In 1993, the Supreme Court of Hawaii ruled that a state law that forbade same-sex marriage likely violated the Hawaii Constitution. Back on the mainland, Congressional Republicans, who had a majority in both houses, started to foam at the mouth. They said they feared that if Hawaii courts recognized same-sex marriages, all other states would be legally obliged to do likewise. At least that's what they claimed. But the truth leaked out in September 1996, when the Republican led Judiciary Committee endorsed a bill that was an expression of undisguised bigotry. They reported the bill out, they said, as a demonstration of "Congressional disapproval of homosexuality." So the Republicans sponsored and passed the "Defense of Marriage Act". (Why my own happy heterosexual marriage needed "defense" against somebody else's same-sex marriage always befuddled me.) While many agreed with Ted Kennedy's description of the bill as "mean spirited gay bashing" designed to fire up the Republican base three months before national elections, President Clinton signed it anyway, allegedly because of the veto-proof majority in both houses and his fear if his veto were sustained, the Republicans might try to do something worse. At least that's what he said later.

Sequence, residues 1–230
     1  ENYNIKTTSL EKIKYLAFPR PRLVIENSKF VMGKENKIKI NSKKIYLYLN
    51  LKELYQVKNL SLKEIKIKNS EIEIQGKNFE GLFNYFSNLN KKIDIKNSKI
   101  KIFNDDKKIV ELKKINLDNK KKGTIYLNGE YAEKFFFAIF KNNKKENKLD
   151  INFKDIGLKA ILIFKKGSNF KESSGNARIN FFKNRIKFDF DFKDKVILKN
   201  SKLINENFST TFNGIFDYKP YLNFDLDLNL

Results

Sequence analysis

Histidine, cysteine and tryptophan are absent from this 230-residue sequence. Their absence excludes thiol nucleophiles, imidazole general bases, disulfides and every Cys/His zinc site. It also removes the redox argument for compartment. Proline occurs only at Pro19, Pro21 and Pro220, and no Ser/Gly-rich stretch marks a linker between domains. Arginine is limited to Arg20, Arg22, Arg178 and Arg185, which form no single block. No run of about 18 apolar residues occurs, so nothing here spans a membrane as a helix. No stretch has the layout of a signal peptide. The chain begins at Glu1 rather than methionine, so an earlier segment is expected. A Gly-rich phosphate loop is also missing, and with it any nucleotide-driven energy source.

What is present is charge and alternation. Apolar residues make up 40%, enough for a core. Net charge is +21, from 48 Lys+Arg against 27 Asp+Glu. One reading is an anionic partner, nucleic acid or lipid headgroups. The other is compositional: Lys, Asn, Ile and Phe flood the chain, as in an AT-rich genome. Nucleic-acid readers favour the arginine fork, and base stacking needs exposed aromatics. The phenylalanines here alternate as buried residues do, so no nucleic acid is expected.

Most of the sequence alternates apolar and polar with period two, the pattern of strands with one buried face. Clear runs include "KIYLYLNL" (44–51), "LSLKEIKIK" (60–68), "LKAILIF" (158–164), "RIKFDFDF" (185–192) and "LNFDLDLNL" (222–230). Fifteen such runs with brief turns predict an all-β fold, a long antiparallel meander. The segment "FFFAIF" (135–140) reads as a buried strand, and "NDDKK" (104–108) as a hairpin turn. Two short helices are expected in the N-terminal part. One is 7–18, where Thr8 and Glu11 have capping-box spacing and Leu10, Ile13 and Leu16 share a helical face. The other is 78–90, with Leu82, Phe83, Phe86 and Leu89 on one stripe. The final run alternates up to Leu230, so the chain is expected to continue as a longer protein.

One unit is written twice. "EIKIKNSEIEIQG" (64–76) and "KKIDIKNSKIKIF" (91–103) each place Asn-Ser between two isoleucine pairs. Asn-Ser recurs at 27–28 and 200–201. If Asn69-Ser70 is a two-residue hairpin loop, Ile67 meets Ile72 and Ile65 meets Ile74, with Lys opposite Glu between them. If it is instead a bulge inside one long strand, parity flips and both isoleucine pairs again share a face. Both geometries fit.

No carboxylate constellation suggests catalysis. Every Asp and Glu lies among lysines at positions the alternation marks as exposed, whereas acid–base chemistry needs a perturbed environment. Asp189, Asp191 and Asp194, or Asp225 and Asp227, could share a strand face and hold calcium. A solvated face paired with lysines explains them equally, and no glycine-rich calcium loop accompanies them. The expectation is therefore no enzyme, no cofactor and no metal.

DOMA basically said two things: i) no state was obliged to recognize same-sex marriages, even if legally performed elsewhere, and ii) the federal government was banned from recognizing same-sex marriages, even if legal in the state where the couple resided. The latter section meant that legally married same-sex couples could not file joint tax returns, get social security survivors benefits, estate tax benefits, ERISA benefits, immigration benefits, etc, etc. A government agency counted up over 1,200 benefits granted to heterosexual married couples that were denied to same-sex married couples.

The Republicans won the DOMA legislative battle. But as Dubbya was to learn after he invaded Iraq, posting a victory banner is not the same as winning the war.